During the 2004 presidential race, Vice President Dick Cheney savaged John Kerry for suggesting that the United States should fight "a more effective, more thoughtful, more strategic, more proactive, more sensitive war on terror that reaches out to other nations and brings them to our side and lives up to American values in history." On the stump, Cheney said that a "sensitive war will not destroy the evil men who killed 3,000 Americans." And at the Republican National Convention, Cheney blasted Kerry for talking about "'a more sensitive war on terror,' as though al Qaida will be impressed with our softer side."
Could it be that John Kerry was right? A man named Dick Cheney seems to think so. In an interview in today's Washington Post, the vice president says that the United States must do a better job on the non-military aspects of its war on terror. "If we are going to be successful long-term in the war on terror and in the broader objective of promoting freedom and democracy in that part of the world, we have to get the public diplomacy piece of it right," Cheney says. "Up until now, that has been a very weak part of our arsenal."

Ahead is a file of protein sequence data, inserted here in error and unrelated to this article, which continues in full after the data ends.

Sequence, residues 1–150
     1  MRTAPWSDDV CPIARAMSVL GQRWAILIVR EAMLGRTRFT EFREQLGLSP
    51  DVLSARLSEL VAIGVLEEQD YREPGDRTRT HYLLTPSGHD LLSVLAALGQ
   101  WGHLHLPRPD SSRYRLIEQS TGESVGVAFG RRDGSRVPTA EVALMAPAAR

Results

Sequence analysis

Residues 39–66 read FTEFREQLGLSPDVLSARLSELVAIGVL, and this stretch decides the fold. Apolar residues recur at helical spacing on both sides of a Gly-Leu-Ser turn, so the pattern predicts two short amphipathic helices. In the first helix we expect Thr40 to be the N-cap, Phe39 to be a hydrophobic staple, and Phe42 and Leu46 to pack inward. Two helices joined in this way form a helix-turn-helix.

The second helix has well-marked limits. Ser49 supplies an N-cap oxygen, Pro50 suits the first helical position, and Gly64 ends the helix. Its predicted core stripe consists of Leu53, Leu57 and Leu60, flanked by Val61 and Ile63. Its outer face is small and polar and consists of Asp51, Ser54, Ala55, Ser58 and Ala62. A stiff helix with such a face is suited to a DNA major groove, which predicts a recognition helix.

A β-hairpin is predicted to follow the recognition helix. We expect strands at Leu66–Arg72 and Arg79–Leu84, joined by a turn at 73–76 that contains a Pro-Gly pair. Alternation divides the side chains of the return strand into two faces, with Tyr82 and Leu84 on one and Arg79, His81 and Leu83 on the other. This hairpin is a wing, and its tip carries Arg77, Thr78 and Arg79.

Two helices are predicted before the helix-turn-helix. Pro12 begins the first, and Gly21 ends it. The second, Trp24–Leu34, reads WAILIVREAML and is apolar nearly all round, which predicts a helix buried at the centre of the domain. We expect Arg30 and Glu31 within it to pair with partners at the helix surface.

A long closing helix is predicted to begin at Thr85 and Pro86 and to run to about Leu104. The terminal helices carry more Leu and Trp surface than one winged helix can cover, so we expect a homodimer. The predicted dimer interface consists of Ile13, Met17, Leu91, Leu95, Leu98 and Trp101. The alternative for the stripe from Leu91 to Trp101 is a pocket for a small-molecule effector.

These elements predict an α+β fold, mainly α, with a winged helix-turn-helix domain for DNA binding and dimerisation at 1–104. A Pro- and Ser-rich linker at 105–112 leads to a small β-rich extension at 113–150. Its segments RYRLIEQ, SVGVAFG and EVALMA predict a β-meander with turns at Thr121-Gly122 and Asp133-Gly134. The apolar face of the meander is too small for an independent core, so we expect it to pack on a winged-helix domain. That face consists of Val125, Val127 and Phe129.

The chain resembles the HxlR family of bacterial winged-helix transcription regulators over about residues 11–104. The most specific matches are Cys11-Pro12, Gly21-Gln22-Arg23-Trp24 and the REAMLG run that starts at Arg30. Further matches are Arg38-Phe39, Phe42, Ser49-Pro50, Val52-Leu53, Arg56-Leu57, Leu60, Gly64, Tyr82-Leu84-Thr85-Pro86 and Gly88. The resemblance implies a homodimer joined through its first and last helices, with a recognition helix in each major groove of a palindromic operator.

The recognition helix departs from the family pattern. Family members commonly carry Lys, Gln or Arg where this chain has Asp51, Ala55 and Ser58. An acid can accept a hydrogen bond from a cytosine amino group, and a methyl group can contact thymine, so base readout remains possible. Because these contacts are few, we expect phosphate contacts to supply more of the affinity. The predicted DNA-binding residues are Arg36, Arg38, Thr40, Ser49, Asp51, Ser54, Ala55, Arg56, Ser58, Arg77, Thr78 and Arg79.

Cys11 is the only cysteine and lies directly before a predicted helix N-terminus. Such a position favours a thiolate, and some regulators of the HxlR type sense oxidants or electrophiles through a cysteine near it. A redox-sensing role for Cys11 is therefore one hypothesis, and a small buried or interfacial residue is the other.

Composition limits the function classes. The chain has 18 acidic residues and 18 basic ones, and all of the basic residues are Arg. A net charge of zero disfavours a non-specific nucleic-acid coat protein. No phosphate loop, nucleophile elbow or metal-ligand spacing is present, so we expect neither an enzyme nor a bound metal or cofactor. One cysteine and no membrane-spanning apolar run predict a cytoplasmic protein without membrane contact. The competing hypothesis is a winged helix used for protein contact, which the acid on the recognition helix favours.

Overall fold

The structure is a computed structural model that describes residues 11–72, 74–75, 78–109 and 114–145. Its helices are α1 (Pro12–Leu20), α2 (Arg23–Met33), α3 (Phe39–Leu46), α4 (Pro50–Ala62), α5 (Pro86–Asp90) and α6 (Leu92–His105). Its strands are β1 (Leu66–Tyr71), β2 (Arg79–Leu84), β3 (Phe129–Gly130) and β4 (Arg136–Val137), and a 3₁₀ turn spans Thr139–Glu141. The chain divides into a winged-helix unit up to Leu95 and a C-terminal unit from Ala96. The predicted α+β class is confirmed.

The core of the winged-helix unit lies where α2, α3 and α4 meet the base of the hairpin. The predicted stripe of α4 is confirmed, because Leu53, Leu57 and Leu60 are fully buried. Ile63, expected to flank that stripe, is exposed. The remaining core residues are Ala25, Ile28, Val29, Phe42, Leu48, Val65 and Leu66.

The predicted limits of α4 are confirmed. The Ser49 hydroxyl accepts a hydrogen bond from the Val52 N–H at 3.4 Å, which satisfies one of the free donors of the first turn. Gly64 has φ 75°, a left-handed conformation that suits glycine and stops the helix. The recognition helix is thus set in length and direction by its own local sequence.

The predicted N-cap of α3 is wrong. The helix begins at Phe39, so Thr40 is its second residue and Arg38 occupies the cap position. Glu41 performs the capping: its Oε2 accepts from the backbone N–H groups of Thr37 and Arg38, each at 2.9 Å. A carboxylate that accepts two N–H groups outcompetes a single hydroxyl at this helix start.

That was exactly the point Kerry was making when Cheney mocked him. Of course, the Bush-Cheney approach to improving public diplomacy isn't exactly the one Kerry advocated: Whatever Kerry might have done as president, it's a safe bet that he wouldn't have nominated Condoleezza Rice and Karen Hughes to top posts at the State Department or Paul Wolfowitz to lead the World Bank. Cheney defends all of those moves in his interview with the Post, saying that Bush has made "some personnel changes that he felt would strengthen our capacity as an administration to achieve our objectives."